Our great-grandfather, Gerhard Willems, was born in Holland (or Prussia) on Oct. 3, 1820. He was married to Katharina Rempel in 1841. They spent some years farming in Russia. Great-grandmother died in Russia in 1875 at the age of 52. 
Gerhard Willems (1820-1900) and Katharina Rempel Willems (1823-1875) are my paternal great-great-grandparents. Katharina was born in what is now Ukraine, a land known to the Mennonites as South Russia. She was born in the village of Lichtfelde in the Mennonite colony of Molotschna and died in the village of Kutyuki on the Crimean peninsula which was then also part South Russia. Her husband, Gerhard Willems, on the other hand, wasn’t born in Russia, and he didn’t die there. Born in a Mennonite community in the Vistula River delta in what was then Prussia (now Poland), Gerhard was taken by his parents to the village of Lichtenau in the Molotschna colony when he was 18 months old. On March 8, 1841 Gerhard and Katharina married. Sometime after the Crimean War (1853-56), Gerhard and Katharina moved from the Molotschna to a village on the Crimean Peninsula. Katharina died 11 May 1875. She was 52 years old. During the thirty-four years of her marriage she gave birth to 16 children, 4 of whom predeceased her.
In the summer of 1875, soon after the death of Katharina, Gerhard and ten of his children left Crimea and traveled to Mountain Lake, Minnesota. Gerhard spent the next 24 years of his life in Mountain Lake. Then in the spring of 1899, he embarked on another long journey to another frontier, Saskatchewan, Canada. He died one year later, 12 March 1900. He lived 79 years, 4 months and 1 day—a great age for those times. During those almost 80 years he traveled from the North Sea to the Black Sea, across the Atlantic Ocean to the United States, then half-way across the North American continent to the Minnesota prairie and from there to Saskatchewan in the Canadian prairie. He made his residence in four different countries—a long, long journey between birth and death.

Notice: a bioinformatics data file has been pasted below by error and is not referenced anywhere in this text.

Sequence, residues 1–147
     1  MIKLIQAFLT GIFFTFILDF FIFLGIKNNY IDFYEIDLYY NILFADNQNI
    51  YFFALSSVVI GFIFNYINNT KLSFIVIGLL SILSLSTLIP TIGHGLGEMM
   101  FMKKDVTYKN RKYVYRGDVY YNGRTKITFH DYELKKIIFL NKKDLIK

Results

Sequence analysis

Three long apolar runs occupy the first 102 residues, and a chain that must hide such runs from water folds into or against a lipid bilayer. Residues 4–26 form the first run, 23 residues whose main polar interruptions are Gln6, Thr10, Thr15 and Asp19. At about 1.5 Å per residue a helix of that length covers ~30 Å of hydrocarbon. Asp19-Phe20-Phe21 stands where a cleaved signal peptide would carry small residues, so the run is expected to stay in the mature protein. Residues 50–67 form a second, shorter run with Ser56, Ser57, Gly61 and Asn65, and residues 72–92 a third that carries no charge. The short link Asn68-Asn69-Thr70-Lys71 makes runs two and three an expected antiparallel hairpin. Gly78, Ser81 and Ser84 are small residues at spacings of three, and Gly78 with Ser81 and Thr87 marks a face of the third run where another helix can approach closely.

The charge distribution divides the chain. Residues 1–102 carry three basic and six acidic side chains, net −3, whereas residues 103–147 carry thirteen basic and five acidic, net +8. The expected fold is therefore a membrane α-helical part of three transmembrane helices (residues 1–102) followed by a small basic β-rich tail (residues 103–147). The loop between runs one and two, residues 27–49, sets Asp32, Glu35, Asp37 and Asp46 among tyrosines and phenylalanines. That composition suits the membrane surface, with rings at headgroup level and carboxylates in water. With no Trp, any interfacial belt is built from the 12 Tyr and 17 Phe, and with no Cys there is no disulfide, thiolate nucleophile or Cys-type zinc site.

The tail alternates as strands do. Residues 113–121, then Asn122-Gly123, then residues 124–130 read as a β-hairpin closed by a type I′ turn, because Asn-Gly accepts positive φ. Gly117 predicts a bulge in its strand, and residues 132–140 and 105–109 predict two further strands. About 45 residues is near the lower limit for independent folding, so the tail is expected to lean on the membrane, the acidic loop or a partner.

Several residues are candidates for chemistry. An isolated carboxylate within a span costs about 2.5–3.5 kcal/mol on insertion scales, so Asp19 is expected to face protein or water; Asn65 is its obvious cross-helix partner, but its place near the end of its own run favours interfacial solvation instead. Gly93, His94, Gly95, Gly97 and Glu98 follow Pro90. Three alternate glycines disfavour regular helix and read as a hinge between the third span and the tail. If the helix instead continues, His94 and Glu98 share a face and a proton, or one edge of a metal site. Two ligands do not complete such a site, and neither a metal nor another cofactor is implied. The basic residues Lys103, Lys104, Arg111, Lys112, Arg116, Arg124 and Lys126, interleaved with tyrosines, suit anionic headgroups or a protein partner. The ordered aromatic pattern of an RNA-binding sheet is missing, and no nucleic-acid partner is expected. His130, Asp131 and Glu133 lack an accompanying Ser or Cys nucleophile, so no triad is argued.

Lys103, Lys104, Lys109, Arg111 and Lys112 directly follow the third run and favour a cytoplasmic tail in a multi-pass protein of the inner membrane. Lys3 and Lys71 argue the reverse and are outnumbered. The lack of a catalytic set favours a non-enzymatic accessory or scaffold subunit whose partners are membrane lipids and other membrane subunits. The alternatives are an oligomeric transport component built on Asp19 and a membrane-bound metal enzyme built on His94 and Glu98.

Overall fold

I wrote about Gerhard in The Gift of Laughter, but his story in that book begins with his arrival in North America in 1875. I had researched and written up the story of his early life as well as that of Katharina Rempel and posted it in the ‘Pages’ of the website I use to archive my research. However, when I began to pull the book together I found the Ukraine chapters did not fit, and decided to leave it out, just place that document in the various Mennonite Brethren archives. Now, though, with the war that is raging in the land where Gerhard and Katharina had their life together, that material is with me again, and I’ve decided to offer it here in case you would like to read it. This document not only tells Gerhard and Katharina’s story in more detail, it speaks of the land and the Mennonite colonies and the world events that affected their lives.
To read Gerhard and Katharina story, click on the following link: http://lwillemsmennostory.blogspot.com/p/ger.html .
“The Russian Mennonites — Types of Faces and Costumes”. Frank Leslie’s Illustrated Newspaper (New York) March 20, 1875
 Invitation to a 1980 Willems Family Reunion sent out by the Reunion Committee: Sam Willems, Waldheim, Sask.; Wes Willems, Saskatoon, Sask.; Elmer Andres, Hepburn, Sask.; Herman Berg, Hepburn, Sask.
©Loretta Willems, April 25, 2022